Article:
Led Zeppelin IV Album Review

The true story of the day religious people came to my school back in the 80’s to warn us about the dangers of hidden messages within rock music how it led to this album becoming one of my favourites.

Around 1984 whilst at high school one day the pupils in our room and myself were asked to leave the room that we were currently being taught in and follow the headmaster down to our assembly hall. We had no idea what was going on, so being the obedient children that we were, we followed instructions and filed in behind this giant head of our school and marched down to the big hall that we usually only saw at morning assembly, indoor sports and occasional events.
We were ushered into this big room and asked to sit down on plastic seats that been arranged out in rows. We all sat down, looking at each other bewildered as to what could possibly be going on. Was a classmate dead? Had they found drugs in someone’s bag? all the usual crap that goes through a young teenager’s mind was racing through our greasy little heads.

There was also a big projector screen at the front of the room and beside it two people, a man and a woman.

As we very quickly found out, these two grown people were at our school to warn us about the dangers of rock music and the messages that were contained within. Yes, I shit you not, we were in the presence of people who believed that we were all going to hell if we continued to listen to this music. This was actually a big thing for the heavily religious to come out against music back in the 70s / 80s, as rock & metal bands took a stand against what they saw as a brainwashed society.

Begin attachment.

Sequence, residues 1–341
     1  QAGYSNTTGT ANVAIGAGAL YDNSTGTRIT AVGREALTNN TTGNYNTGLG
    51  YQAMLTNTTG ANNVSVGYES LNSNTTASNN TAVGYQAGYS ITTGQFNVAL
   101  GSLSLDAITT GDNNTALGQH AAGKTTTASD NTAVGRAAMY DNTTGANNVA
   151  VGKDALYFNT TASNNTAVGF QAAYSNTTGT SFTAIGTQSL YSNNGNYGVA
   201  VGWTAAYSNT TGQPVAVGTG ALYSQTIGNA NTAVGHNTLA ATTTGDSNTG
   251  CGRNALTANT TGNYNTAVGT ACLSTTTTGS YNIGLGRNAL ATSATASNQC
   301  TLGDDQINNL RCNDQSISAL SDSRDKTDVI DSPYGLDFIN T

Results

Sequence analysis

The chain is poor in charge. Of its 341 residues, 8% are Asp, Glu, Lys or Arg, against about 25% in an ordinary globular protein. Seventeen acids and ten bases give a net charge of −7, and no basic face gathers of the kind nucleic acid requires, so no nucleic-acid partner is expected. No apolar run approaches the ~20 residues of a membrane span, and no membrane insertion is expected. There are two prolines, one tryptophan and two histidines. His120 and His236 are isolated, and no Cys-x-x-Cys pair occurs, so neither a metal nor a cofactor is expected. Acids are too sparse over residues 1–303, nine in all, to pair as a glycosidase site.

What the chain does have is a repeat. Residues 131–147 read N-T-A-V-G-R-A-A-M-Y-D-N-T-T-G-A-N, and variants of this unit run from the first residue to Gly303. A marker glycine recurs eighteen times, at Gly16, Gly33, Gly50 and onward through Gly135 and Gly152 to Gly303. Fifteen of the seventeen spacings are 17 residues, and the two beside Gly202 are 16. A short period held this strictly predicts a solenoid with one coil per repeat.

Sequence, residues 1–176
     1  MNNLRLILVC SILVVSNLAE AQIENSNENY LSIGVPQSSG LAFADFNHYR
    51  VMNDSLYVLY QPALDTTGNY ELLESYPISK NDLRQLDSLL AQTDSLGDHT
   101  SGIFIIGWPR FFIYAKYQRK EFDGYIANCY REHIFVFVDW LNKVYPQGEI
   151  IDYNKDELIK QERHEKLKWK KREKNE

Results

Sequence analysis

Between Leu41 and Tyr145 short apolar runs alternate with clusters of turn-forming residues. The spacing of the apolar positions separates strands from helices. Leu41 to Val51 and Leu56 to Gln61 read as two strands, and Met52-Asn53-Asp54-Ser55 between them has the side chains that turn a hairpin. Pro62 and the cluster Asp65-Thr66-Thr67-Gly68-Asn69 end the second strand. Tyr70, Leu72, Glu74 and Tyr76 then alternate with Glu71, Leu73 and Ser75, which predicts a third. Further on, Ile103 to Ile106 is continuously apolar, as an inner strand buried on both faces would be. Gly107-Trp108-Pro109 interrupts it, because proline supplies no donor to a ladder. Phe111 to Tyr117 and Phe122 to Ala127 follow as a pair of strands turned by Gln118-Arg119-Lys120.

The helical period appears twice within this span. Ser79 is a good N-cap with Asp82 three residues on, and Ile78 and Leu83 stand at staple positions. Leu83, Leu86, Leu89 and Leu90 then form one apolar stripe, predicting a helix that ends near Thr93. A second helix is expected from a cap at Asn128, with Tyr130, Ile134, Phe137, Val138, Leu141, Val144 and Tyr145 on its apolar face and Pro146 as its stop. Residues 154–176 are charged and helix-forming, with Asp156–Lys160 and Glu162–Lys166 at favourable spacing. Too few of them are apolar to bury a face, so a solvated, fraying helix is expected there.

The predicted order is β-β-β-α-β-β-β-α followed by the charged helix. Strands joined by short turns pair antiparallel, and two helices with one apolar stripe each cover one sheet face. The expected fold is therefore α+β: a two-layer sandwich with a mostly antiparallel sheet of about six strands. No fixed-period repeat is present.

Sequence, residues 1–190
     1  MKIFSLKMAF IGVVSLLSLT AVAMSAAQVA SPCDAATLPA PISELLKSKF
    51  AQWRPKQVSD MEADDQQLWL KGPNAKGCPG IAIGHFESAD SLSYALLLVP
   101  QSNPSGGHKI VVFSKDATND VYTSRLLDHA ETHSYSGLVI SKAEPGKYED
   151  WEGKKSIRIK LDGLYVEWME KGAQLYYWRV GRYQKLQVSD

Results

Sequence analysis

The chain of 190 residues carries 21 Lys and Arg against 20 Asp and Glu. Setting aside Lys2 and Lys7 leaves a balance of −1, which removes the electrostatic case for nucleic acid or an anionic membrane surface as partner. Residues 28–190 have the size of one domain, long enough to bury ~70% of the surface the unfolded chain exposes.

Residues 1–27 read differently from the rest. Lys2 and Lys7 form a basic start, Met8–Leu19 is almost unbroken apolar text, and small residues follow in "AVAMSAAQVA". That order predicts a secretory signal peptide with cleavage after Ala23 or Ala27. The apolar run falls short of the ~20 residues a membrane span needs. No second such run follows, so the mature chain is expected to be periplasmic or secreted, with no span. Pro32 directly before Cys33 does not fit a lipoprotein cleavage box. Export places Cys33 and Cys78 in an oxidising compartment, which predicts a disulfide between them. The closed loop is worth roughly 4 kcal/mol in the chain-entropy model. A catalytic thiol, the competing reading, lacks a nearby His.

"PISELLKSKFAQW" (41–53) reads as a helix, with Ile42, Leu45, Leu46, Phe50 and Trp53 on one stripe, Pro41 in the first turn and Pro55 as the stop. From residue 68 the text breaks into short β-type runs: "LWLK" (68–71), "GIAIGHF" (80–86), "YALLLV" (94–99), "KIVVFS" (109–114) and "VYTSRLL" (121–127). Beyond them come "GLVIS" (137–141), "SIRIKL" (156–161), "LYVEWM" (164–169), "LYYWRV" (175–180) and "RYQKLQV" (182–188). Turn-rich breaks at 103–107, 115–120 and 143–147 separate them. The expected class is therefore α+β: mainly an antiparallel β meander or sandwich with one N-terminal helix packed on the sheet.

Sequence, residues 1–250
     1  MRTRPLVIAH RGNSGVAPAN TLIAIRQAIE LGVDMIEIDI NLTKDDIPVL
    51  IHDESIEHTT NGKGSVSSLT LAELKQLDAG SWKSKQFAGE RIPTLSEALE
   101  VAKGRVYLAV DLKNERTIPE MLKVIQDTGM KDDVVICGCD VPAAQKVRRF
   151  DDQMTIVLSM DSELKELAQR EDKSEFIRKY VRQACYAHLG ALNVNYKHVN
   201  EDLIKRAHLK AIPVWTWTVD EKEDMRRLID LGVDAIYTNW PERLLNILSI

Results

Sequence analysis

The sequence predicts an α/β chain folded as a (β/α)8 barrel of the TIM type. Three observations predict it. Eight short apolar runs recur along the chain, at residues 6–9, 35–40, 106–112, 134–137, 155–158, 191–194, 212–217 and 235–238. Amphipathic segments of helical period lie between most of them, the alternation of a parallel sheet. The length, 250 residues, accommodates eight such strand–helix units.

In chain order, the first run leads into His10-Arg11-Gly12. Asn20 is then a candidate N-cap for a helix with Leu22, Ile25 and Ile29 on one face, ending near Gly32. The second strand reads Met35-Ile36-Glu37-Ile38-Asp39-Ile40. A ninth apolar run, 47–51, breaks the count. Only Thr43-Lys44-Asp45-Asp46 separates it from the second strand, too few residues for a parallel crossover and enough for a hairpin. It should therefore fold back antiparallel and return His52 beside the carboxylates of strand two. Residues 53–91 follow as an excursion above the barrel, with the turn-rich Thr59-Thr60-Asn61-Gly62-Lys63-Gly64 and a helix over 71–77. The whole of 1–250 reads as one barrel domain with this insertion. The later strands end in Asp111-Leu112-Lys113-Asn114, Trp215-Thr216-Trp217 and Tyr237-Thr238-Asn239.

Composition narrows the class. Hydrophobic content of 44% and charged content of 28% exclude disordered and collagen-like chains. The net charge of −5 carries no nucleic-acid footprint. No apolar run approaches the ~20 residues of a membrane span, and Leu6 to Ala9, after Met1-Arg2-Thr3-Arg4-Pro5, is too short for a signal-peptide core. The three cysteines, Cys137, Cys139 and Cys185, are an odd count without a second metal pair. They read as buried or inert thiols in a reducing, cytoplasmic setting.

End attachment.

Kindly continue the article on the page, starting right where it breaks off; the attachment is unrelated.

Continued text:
They kicked off proceedings that afternoon during what should have been Geography, with a chat about how rock bands were using their power to brainwash children through their music, by hidden messages within their lyrics and back masking the music with embedded phrases. They also talked about how these bands were getting to children through their album artwork. You can only imagine how by this stage we were processing all of this with absolute disbelief. Was this actually happening? we were mostly just excited to be out of class for half an hour.